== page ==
As for getting work whilst studying, definitely definitely definitely go for it! If you find a good job, you'll be given enough responsibility to get involved in some really interesting projects, and allowing you to learn more than you ever could at university. You'll probably find that the pay is much better than working behind a bar, and the experience you can add to your CV will be a fantastic foot in the door for getting a job after you graduate.

Good luck!
 
  • #3
Thanks for the reply!

Re. getting a Mech. Eng related job whilst studying though, in practical terms, how would that work? Could you give examples of the kind of job one CAN do/apply for in this field without - as would inevitably be the case with a student - practical experience, or the theoretical knowledge? Are there any jobs that have enough bearing on Mech. Eng to be useful (on the CV and in one's own knowledge) and yet at the same time be available to people at this level?
 
  • #4
Absolutely.

Since you asked for an example, I'll use me!

I've almost finished my Mech Eng degree. Last summer, I worked as an assistant engineer for a forging company. My main task there was to design a machine capable of expanding forged rings. Other jobs included day-to-day management for maintenance tasks on site plant, and overseeing the restoration of a hydraulic blanking press. Whilst gaining all this experience, I was getting paid twice what I would have behind a bar, and it was a lot of fun too. I got given ridiculous amounts of responsibility, and while being thrown in at the deep end was pretty hairy, it taught me a lot of stuff which I would never learn at university. Without this experience, I wouldn't have even got to the interview stage for the permanent job (at a different company) I've since accepted.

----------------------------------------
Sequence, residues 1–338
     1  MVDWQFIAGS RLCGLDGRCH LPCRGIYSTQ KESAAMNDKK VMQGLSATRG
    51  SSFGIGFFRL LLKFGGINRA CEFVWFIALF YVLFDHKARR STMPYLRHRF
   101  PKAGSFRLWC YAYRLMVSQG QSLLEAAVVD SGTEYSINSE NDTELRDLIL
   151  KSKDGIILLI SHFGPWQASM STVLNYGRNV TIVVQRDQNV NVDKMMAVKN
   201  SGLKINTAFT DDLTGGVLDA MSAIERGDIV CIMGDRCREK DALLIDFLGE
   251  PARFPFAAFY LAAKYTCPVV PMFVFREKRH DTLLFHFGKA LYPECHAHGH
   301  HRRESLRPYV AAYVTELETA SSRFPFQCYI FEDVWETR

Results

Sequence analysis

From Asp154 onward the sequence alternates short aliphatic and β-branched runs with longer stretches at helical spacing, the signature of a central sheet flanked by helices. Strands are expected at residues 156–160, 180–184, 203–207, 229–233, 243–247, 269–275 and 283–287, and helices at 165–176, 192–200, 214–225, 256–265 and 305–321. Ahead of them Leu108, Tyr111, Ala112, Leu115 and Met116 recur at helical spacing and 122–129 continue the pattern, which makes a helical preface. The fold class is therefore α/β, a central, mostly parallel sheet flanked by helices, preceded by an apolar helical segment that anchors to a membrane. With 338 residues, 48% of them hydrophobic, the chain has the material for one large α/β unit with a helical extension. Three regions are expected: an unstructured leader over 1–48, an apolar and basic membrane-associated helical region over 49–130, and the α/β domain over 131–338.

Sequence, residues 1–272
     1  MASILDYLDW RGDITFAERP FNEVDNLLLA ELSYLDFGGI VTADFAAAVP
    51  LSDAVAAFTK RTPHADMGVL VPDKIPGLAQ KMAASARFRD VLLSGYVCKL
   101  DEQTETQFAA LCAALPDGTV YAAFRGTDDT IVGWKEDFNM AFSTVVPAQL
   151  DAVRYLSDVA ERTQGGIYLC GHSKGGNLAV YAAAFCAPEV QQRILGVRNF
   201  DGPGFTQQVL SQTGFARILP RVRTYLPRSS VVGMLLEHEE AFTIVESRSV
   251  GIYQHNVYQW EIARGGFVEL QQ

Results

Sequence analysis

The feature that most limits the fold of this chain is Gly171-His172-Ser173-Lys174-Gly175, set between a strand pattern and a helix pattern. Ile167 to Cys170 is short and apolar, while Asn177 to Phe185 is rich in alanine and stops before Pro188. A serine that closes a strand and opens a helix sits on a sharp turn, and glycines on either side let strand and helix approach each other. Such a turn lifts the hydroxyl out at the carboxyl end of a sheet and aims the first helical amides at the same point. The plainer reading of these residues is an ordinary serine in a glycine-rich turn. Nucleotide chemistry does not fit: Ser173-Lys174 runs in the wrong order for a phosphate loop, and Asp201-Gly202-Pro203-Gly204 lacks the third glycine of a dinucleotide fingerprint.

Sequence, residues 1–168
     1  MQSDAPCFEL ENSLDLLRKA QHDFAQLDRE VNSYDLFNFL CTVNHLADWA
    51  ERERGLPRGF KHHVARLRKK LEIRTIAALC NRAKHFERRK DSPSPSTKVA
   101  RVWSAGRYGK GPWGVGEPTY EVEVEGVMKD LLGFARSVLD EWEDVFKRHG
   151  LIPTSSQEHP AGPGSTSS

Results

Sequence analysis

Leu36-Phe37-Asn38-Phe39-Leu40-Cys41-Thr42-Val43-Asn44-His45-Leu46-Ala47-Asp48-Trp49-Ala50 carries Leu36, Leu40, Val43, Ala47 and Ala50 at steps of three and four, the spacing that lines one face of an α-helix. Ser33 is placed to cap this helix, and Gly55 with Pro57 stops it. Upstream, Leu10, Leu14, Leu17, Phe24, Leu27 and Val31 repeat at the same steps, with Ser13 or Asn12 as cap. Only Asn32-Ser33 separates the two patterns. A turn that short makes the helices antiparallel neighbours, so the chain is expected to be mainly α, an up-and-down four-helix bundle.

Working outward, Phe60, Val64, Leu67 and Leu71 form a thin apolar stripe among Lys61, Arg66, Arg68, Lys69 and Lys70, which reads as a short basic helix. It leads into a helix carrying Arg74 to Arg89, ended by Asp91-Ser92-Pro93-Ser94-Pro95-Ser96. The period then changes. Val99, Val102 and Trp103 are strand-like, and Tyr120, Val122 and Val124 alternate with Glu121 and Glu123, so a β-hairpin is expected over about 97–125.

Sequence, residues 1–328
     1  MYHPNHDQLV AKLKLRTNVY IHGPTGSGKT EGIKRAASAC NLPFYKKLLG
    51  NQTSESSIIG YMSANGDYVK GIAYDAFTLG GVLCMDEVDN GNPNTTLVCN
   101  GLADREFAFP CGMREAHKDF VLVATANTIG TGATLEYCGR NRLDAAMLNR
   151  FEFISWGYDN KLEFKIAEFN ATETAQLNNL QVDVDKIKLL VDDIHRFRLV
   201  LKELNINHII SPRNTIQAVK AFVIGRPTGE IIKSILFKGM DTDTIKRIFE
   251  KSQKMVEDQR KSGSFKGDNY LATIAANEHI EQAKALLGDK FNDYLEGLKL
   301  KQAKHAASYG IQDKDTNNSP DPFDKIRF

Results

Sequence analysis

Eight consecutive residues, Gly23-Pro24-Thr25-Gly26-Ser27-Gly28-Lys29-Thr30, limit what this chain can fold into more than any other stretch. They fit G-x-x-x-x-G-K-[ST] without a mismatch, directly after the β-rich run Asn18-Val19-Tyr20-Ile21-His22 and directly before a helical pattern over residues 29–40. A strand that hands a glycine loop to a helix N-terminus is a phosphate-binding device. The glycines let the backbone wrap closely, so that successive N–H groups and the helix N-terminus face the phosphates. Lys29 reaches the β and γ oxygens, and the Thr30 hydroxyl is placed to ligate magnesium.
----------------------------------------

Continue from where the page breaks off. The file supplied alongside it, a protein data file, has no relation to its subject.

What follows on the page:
• #5
I highly recommend an internship in college, like what brewnog did. It gives a good taste (and more importantly, experience to put on your resume) of what you could be doing in a real job.

I'm a mechanical engineer who designs HVAC (heating, ventilation, and air conditioning) systems. If there is much construction going on where you live, then chances are there is a good market for such work.

Mechanical engineering and electrical engineering (warren...?) are probably the broadest of the engineering fields. Before I took my current job, I applied for jobs selling machine tools (engineering sales is a biggie), managing building facilities (also a biggie), building satellites (not big, but really cool), and working in manufacturing plants (also fairly big).
 
  • #6
Thanks guys! And congrats, you've both done well.

And how did you go about finding these positions, just write directly to the companies (and if so, are there publications, with a list of various engineering companies in countries) or through colleges?

Since reading your posts, I did a search on 'yahoo' for 'engineering in south africa' and 'engineering internships south africa' hoping to get some kind of links to companies sites who I could then write to, but nothing like that came up. Any tips on more specific search terms I could be using?
 
  • #7